Top 10 Best-Selling Cars: June 2013


Ford and Nissan led the charge into Independence Day weekend with Ford reporting its best June since 2006 and Nissan logging its strongest month since Thomas Jefferson wore diapers. (OK, it was Nissan's best June in the U.S. ever, and Jefferson probably wore some kind of swaddling clothes.) June sales, in fact, played out like a children's T-ball game. Almost everyone got a pat on the back.

"The fundamentals for continued industry gains in new-vehicle sales remain intact," Chrysler sales chief Reid Bigland said in a company statement this morning. GM head economist Mustafa Mohatarem agreed: Americans "believe — with good justification — that the economic expansion is going to continue," he said in a separate statement.

Both are right. From consumer confidence to new-home construction, major June indicators suggested higher auto sales. That's exactly what happened: Sales for the top seven automakers increased 8.8%.

Ford led the group with sales up 13.4% over year-ago numbers on the strength of — this is getting old now — pickup trucks. The F-Series, whose F-150 just topped's American-Made Index, boomed 23.6% over June 2012. Incentives and inventory remain around June 2012 levels, but an improving housing market fuels the pickup boom like bratwursts and beer drive an expanding waistline. Sales among all full-size pickups gained 23.6%, led by the Detroit Three. Chrysler's Ram pickups packed on 23.8%; the Chevrolet Silverado and GMC Sierra added a combined 29.9%.

Other models saw a lift, too. The Toyota Camry and Honda Accord notched reasonable gains despite similar or declining incentives versus year-ago levels. Among smaller cars, Ford had to turn the incentives spigot to full blast to nudge the Focus along; despite a 9.2% sales gain, it remained off the top 10 sellers for the sixth straight month. Deals on its rival Chevrolet Cruze increased, too, but to a lower extent — and sales sprang 73.2% versus a lackluster June 2012. Is the new Cruze Diesel fueling the popularity? We doubt it; as of this morning, Cruze Diesels accounted for just 2.2% of its inventory on

The two Detroit compacts illustrate the industry's gradual uptick in incentives. The average new car had $5,357 in total factory and dealer incentives (ranging from discount financing to cash discounts and no-charge options) in early June, according to CNW Marketing Research. That's 14.1% off the total MSRP, and it's up from June 2012 when discounts totaled $4,662, or 12.6%, off the average new-car price.

Does it spell a return to lower profitability for the auto industry? Not entirely. MSRPs have increased at a faster pace, meaning transaction prices — MSRPs minus incentives — are still up. The average car sold for $32,747 in early June. That's up $462 over a year ago.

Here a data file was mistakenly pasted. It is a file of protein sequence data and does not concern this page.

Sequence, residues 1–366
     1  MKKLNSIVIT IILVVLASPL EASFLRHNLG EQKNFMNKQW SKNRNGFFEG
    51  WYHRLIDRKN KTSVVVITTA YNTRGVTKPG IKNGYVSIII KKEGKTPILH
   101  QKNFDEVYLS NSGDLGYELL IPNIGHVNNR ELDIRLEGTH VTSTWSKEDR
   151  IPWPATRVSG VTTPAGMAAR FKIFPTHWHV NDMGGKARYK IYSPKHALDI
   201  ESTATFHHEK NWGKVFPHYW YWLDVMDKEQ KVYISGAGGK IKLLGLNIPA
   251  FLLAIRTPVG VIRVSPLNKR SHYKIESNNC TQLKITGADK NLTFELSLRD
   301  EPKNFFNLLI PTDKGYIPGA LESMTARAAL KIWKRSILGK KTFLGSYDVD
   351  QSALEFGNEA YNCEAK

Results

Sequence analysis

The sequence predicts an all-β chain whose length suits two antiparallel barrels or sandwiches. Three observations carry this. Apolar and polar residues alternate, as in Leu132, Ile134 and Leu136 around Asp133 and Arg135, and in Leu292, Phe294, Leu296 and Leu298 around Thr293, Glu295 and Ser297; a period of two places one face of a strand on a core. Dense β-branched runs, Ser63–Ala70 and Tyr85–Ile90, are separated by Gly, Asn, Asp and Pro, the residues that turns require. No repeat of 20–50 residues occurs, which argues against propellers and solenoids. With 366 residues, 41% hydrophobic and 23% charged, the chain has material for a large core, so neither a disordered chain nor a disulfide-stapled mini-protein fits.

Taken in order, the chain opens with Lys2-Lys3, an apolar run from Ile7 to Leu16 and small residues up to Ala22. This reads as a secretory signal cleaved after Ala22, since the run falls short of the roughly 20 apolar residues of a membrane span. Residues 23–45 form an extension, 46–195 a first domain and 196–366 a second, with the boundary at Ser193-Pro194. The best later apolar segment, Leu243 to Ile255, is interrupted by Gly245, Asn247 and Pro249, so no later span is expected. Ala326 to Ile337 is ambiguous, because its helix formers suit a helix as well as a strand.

Nissan bucked the rising-price trend, slashing prices on most of its lineup in May. How did shoppers respond? Well, sales jumped 12.9% as shoppers flocked toward the Rogue (up 41.1%) and Altima (up 23.3%).

Here are the top 10 best-selling cars for June 2013.


Top 10 Best-Selling Cars: May 2013
The American-Made Index
More Sales News



Nice to see Cruze in Top-5. Does this # include Diesel version sales as well.

Kyle W

Only 2,999 more sales and the Cruze would've beat the Camry! Haven't seen the Cruze do this well since 2011.


38% of Cruz sales are through the fleet/rental channel so sales number is artificially inflated.

Kyle W

It seems like whenever a GM car sells well, everyone starts screaming "FLEET SALES!!!!" Why can't anyone even give them a little credit? And people act like the Camry doesn't sell to fleets either. Every time I go by my local Hertz what are the majority of the cars I see? Yep! The Toyota Camry! And the Altima, too. The Altima has become the ultimate rental car it seems these days. Dozens and dozens of rows of them along with the Camry. Their sales must me somewhat inflated, too, I'm assuming. Don't get me wrong, I'm not saying this cause I'm American brand loyal or anything, I'm just sick of seeing the McDonald's of all cars triumphing the mid-size car segment, and all cars (besides trucks) for that matter. Whenever something comes close to surpassing the Camry in sales (they already have in quality) everyone blames "fleet sales", especially if it isn't Japanese.


Already have in
Good one Kyle

Toyota Camry, she never disappointing. For some reason, I prefer the previous design. Is Kyle saying the quality is dropping?


I believe that all the top selling are good but the service they recieve is important.
Too many cars these days are not maintained.


Kyle W

Jade, I'm not saying that quality is dropping, but instead that their quality has been surpassed. You could say I'm nothing but an arm-chair critic, but looking at what the professional critics from sources such as Motor Trend, 2theRedline, The Car Connection etc say about the Camry, it is clear that the Camry has fallen behind the competition, and there are better options out there for your money. "This (The Toyota Camry) is the McDonald's of cars: billions and billions served. But that doesn't mean it's good." - associate editor Christian Seabaugh of Motor Trend


The fact that Toyota's interior quality has gone down hill in the last few years isn't exactly a secret.

Take my 2010 Prius. PLEASE.

Try the veal and don't forget to tip your waitress.

Kyle W

With Toyota, it seems to be all their best sellers that have decreased in quality. I suppose it's because they have garnered a large enough fan/loyalty base so they are confident enough to decease their build quality yet still have people buy them just because of the name. They will still sell the same amount of units for the same price, but for a car that was cheaper to make.

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